In the past eight years, Utah, a Republican state, has reduced homelessness by 78 percent, and is on track to end homelessness by 2015. How? By giving people homes. In 2005, it figured out that it cost the state $16,670 per person to cover E.R. visits and jail stays for homeless people. It would only cost $11,000 to provide each homeless person with an apartment and a social worker. Utah started a Housing First program that gives, with no strings attached, a homeless person an apartment and a social worker to help him or her become self-sufficient. Even if the homeless person does not end up becoming self-sufficient, she or he gets to keep the apartment.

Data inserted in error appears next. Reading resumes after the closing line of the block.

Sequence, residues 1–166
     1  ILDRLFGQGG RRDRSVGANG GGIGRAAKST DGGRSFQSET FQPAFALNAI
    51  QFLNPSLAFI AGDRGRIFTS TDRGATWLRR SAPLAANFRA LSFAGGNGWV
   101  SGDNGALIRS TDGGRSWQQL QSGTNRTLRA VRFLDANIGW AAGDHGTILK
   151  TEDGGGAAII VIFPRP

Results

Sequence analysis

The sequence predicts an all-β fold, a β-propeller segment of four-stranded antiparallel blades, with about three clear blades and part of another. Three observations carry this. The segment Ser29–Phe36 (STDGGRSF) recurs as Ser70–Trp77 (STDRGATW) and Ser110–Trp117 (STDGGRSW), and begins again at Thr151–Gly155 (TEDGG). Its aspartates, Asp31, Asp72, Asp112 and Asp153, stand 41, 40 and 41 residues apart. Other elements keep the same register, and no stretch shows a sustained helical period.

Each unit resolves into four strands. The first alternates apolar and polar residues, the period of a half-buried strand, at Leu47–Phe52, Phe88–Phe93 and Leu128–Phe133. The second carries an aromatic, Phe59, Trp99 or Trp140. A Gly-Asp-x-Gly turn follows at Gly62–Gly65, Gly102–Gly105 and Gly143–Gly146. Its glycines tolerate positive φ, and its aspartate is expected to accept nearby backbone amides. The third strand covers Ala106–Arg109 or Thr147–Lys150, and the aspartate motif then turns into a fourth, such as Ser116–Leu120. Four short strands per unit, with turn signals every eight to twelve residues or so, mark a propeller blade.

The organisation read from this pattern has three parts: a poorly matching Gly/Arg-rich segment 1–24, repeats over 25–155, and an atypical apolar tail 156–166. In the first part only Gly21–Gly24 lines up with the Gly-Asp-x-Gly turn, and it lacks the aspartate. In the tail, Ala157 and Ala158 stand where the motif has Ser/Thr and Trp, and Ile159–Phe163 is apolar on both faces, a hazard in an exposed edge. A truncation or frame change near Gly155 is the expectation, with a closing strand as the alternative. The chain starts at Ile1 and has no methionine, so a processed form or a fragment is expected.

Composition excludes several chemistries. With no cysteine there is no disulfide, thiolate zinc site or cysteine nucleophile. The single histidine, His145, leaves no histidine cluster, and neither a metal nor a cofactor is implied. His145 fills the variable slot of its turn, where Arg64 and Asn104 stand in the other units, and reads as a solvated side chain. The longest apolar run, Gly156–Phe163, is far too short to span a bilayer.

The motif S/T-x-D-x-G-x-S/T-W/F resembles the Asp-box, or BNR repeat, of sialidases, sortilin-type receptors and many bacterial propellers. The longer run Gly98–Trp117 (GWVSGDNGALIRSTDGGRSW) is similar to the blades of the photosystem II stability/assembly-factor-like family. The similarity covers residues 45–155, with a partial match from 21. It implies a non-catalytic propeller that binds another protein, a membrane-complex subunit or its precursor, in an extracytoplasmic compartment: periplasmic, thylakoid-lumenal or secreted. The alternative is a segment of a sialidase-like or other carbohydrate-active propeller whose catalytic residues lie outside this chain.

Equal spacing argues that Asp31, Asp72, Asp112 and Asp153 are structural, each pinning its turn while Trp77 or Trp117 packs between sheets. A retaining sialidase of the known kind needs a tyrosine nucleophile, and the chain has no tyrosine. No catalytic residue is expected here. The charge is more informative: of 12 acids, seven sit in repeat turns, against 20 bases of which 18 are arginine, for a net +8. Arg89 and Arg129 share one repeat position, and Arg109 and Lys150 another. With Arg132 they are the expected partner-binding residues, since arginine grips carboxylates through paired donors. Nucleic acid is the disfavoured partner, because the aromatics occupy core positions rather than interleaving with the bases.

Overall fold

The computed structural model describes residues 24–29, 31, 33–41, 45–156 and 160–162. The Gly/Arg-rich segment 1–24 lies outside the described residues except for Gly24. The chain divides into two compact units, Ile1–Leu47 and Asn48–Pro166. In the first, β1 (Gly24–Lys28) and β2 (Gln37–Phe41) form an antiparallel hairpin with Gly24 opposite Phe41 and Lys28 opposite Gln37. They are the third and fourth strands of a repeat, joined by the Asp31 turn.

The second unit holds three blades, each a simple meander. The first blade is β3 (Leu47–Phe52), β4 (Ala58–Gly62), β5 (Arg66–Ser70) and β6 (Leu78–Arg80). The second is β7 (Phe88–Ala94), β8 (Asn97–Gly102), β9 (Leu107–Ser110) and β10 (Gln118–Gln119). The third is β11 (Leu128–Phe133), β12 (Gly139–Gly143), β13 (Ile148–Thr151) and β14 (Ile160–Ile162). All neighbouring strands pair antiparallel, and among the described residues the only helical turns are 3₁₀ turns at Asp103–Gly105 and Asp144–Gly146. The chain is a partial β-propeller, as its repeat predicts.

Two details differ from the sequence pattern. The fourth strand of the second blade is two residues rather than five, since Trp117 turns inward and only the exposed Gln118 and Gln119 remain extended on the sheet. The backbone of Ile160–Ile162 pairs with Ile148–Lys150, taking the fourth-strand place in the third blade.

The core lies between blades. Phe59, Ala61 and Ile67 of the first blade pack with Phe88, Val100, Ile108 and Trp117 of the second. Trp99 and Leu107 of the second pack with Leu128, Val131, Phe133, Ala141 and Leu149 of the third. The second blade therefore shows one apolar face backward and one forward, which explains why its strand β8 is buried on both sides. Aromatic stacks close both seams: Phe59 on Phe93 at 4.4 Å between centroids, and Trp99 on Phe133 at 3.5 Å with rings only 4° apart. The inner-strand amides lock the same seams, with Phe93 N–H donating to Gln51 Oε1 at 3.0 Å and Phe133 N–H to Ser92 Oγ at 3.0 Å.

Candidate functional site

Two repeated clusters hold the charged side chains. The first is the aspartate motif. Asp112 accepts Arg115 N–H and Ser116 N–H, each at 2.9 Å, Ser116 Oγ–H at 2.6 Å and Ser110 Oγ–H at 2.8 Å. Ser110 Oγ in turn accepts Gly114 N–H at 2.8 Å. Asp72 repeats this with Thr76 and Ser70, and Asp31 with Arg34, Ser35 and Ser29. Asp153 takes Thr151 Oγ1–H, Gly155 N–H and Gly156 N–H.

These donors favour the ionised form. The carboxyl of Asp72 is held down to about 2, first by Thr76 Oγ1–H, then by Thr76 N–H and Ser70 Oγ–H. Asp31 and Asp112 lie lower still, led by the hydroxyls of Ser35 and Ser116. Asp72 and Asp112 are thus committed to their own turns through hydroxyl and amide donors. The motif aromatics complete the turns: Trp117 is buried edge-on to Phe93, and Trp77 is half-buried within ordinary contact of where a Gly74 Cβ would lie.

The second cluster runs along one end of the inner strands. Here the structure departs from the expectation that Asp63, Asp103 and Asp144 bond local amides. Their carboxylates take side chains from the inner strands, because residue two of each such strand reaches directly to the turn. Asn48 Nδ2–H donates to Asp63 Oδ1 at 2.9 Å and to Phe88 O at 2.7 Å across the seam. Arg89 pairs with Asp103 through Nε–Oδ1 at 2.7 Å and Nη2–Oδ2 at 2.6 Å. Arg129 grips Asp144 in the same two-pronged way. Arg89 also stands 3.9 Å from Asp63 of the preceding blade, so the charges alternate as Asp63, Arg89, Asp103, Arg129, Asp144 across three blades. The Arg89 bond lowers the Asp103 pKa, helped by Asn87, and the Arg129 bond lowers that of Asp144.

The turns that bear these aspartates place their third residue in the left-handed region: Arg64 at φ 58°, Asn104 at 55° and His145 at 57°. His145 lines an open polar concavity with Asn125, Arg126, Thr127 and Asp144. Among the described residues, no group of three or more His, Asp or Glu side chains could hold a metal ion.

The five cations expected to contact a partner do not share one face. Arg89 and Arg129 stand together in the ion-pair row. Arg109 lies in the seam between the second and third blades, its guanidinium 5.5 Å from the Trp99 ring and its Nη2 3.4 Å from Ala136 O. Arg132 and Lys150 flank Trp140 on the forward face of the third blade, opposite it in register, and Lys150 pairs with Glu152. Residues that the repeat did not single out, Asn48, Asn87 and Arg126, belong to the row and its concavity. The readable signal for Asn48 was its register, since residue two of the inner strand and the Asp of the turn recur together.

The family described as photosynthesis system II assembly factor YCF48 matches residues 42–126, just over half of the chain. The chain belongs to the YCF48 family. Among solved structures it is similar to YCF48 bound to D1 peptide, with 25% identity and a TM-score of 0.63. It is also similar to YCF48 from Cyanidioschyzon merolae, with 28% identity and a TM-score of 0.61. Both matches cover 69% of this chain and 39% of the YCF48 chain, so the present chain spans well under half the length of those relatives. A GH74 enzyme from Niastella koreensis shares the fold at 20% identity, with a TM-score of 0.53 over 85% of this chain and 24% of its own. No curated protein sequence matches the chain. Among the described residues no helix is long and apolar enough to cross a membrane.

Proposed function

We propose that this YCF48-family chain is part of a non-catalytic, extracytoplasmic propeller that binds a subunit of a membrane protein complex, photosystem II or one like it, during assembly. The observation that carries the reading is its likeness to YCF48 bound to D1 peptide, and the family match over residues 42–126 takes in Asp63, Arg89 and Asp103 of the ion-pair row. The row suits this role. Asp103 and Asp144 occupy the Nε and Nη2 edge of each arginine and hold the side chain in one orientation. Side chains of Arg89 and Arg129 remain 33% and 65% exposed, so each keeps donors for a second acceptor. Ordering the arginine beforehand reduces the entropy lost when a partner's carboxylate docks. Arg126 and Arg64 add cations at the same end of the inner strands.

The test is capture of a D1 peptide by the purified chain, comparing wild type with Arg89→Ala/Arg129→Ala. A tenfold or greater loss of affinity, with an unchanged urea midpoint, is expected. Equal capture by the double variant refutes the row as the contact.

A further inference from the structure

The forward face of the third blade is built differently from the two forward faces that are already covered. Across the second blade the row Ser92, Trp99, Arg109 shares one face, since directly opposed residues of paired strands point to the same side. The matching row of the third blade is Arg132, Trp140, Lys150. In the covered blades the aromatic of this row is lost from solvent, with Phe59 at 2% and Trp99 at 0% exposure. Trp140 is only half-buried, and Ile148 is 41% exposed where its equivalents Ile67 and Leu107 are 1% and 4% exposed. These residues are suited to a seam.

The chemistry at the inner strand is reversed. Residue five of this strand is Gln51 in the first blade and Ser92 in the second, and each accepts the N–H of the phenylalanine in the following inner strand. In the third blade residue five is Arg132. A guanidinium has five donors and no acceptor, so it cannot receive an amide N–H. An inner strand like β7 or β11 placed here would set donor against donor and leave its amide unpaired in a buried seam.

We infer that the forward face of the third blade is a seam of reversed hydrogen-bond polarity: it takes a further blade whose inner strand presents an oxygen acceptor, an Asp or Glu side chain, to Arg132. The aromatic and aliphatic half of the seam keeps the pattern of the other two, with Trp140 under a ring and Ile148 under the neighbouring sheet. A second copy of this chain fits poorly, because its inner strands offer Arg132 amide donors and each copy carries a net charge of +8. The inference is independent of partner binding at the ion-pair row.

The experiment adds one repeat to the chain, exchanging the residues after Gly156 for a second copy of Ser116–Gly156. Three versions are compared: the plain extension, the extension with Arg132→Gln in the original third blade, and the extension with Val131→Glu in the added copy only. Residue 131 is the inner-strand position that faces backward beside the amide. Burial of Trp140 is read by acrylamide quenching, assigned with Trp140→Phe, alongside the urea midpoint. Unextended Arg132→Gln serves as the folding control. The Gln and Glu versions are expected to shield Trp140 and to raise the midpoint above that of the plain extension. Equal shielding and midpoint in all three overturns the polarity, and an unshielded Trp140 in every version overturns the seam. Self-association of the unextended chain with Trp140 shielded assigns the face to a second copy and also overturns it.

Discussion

New Yorker writer Ian Frazier wrote a long story on homelessness in NYC and confirmed that the state spends around over three-thousand dollars a month to put a family in a shelter. Contrast Utah’s approach to other states’ which ban the feeding of homeless people in parks or order cops to arrest anyone sleeping in public; in those cases, the government is trying to “nudge” the homeless off the streets through coercive tactics. In the case of Utah, however, they aiming to elevate and not just shift behavior, to help them work towards self-sufficiency and not just remove them from the streets (read more about our distinction between shifting and elevating behavior) by treating the homeless as persons with potential and thus equipping them with necessary resources.